Ironically, the late Lucky Dube in one of his hit tracks lamented how evil forces were “killing the prophets of reggae”. Alas! He another prophet of reggae has fallen victim to the same fate in the hands of agents of evil. When the legendary Bob Marley died of cancer in 1981, most of his fans worldwide believed and still believe that there was more to his death than met the eyes. This suspicion of foul play is heightened when viewed against Marley’s 1976 narrow escape from the assassins’ bullets. In 1987, Peter Tosh, another reggae great was shot dead by three evil emissaries, two of whom were never caught. Lucky Dube is the latest casualty on the list of reggae musicians cut short by agents of darkness.
Sequel to the above, one is forced to ask, who are killing the prophets of reggae? Over the years, reggae music has come to be associated with the fight for justice, equal rights, pan-Africanism, liberation of the oppressed, good governance, as well as the fight against apartheid, colonialism, neo-colonialism, man’s inhumanity to man and other social vices. These ideals were popularized in the lyrics of Marley, Tosh and other reggae pioneers. And succeeding reggae artistes like Lucky Dube took over from where they stopped and have maintained the tempo ever since. Once accused of fighting the whites (his father’s race), Bob Marley was reported to have answered that he was fighting the bad system and not personalities, but it happened that the bad system is ascribed to the whites.
Reggae musicians, otherwise known as Rastafarians, revere and deify the late Emperor Haile Sellasie of Ethiopia for two reasons. First, he is acclaimed to be a descendant of the Biblical King Solomon of Israel. Second, Ethiopia remains the only African country which was never colonized. They identified themselves with the cause of African irredentism, liberation, total independence and unity. In one of his songs, Marley urged Africans to unite, while Peter Tosh reminded all blacks in Diaspora of their African origin. Their commitment to the African cause is only comparable to that shown by famous pan-Africanists like Marcus Garvey, Kwame Nkrumah, Julius Nyerere, etc.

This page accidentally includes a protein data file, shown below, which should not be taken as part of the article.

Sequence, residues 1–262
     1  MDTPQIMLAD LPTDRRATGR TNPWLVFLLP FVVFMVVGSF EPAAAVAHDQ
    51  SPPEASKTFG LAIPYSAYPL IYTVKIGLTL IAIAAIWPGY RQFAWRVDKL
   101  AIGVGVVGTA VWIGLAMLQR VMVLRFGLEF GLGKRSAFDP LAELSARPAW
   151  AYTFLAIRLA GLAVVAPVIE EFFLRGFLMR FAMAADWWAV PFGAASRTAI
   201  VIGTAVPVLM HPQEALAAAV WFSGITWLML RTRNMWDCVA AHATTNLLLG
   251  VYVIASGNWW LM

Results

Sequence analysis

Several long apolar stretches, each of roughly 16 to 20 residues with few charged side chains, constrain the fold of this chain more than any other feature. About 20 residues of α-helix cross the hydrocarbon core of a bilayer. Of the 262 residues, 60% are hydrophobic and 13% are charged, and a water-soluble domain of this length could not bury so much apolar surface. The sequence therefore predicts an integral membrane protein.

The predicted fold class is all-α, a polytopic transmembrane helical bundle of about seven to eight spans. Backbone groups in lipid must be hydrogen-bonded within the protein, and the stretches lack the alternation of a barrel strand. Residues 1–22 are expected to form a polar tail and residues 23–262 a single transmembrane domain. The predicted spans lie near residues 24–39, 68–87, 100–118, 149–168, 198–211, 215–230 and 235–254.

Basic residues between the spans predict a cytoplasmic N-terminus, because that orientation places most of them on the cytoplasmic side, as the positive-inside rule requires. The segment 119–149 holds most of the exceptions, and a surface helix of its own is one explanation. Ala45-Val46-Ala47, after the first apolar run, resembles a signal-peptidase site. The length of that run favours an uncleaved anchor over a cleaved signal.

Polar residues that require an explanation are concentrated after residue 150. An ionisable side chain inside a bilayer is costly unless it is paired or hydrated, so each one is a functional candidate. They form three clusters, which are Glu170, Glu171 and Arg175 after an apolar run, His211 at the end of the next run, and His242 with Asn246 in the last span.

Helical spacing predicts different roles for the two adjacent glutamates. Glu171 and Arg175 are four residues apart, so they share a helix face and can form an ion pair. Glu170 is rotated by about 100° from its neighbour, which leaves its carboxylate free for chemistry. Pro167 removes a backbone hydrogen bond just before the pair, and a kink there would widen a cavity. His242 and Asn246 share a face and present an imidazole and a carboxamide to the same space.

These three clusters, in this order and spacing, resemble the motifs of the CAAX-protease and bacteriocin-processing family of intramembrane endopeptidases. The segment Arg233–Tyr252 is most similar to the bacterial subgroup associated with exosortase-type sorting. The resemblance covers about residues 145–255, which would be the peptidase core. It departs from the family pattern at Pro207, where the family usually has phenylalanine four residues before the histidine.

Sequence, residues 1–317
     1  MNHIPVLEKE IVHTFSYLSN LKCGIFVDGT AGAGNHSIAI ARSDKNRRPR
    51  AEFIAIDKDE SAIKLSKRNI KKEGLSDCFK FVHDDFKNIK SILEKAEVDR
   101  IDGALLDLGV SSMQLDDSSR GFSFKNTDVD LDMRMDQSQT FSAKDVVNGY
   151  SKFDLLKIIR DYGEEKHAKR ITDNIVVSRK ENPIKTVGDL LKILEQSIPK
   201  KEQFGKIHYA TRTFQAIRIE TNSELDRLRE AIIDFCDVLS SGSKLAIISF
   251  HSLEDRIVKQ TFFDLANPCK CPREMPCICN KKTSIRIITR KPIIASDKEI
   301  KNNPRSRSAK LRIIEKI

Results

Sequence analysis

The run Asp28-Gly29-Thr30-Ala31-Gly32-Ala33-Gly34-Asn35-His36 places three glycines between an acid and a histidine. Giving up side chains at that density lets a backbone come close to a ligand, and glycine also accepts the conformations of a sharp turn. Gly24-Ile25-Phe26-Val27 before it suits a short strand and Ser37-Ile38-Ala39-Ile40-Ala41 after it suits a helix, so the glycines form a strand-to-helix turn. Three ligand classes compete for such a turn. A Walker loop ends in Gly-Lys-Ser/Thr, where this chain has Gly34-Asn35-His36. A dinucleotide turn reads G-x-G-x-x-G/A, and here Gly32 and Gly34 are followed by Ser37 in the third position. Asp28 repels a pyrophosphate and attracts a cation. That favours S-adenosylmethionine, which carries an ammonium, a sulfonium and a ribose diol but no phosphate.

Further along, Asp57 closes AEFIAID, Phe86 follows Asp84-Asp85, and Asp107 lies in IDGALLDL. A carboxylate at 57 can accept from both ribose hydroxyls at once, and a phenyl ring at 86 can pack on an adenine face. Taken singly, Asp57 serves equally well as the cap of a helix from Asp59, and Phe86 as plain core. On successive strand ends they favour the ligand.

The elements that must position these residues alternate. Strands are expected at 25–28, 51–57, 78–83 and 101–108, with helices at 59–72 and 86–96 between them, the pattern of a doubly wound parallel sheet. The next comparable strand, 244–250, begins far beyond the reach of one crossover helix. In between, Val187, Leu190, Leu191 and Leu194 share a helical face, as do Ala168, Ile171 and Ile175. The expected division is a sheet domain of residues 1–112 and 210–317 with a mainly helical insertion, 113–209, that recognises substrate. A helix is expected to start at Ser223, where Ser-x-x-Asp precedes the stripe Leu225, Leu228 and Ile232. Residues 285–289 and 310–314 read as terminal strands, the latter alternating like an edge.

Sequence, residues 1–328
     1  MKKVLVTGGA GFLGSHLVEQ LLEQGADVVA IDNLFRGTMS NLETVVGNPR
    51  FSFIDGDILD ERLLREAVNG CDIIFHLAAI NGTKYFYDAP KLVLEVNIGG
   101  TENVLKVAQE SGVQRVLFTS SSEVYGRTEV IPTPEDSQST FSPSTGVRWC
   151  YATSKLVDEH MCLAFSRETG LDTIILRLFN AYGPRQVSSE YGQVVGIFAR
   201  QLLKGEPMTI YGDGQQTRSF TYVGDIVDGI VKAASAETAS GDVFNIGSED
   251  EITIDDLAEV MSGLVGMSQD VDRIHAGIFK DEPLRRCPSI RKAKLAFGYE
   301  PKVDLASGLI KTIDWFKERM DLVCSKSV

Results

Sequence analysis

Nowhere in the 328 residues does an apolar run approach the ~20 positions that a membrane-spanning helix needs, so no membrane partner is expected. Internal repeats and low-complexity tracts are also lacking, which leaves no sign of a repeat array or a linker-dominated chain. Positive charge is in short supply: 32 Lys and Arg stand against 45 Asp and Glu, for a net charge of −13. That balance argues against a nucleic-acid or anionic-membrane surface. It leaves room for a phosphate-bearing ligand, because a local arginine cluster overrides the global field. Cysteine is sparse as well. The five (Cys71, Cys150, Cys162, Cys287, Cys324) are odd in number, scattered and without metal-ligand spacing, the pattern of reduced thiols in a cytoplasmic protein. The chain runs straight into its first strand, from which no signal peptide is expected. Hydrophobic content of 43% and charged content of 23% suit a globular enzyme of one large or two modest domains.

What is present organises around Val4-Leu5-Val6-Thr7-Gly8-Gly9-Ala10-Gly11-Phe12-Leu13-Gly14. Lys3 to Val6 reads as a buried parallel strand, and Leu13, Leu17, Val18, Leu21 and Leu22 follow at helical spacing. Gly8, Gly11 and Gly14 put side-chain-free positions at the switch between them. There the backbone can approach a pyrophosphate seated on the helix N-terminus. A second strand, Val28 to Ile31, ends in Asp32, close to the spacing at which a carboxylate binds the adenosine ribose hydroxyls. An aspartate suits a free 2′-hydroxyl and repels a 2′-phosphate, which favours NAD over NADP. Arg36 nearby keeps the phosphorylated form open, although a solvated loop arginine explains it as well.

It is very unfortunate that both Peter Tosh and Lucky Dube were killed by fellow blacks (Africans). Were their killers acting for themselves or as agents of faceless, but powerful external forces? Is their murder the handiwork of persons who felt pricked by the messages contained in the lyrics of their songs? We may never know, except courtesy of an in-depth and thorough investigation which may throw up some startling revelations. Nevertheless, it is an irrefutable fact of history that the West has always been suspected of involvement in the overthrow or assassination of almost all genuine African leaders such as Lumumba, Sellassie, Nkrumah, Sankara, etc whose resolve to uplift Africa from neo-colonialism and dependence they loathed.
Lucky Dube, through the instrumentality of his songs, fought the repressive policy of apartheid and other societal vices, identified with the oppressed and urged that the Blackman be accorded the respect and dignity due to him. It is worrisome that the selfsame blacks he fought for turned around to kill him. He was not consumed by the forces of apartheid which he denounced through his songs. The circumstances of Dube’s death and the rising incidence of violent crime in South Africa in recent times compel one to wonder if black South Africans are not more vicious on themselves than the agents of apartheid were on them. We cannot justifiably blame whites always whenever blacks turn against fellow blacks. Could the high crime wave in South Africa be traced to high-level unemployment and the use of youths as thugs and hired assassins by politicians as obtains in Nigeria? Whatever be the case, it is high time the South African government tackled this monster of violent crime which is giving the country a bad image abroad. Else, agents of apartheid may point to it and argue that blacks are incapable of offering good governance.
We lament the demise of reggae stars at the peak of their career. We mourn the death of Lucky Dube. However, we find consolation in the stardom he achieved in his music career, the consciousness he created through the messages in his songs, especially that he helped through his music to dismantle apartheid. Again, as he sang in one of his tracks, “nobody can stop reggae/‘cos reggae is strong”. My heartfelt condolences go to his family and my fellow fans of his. But for his final wishes, Dube deserved a state burial by the South African government.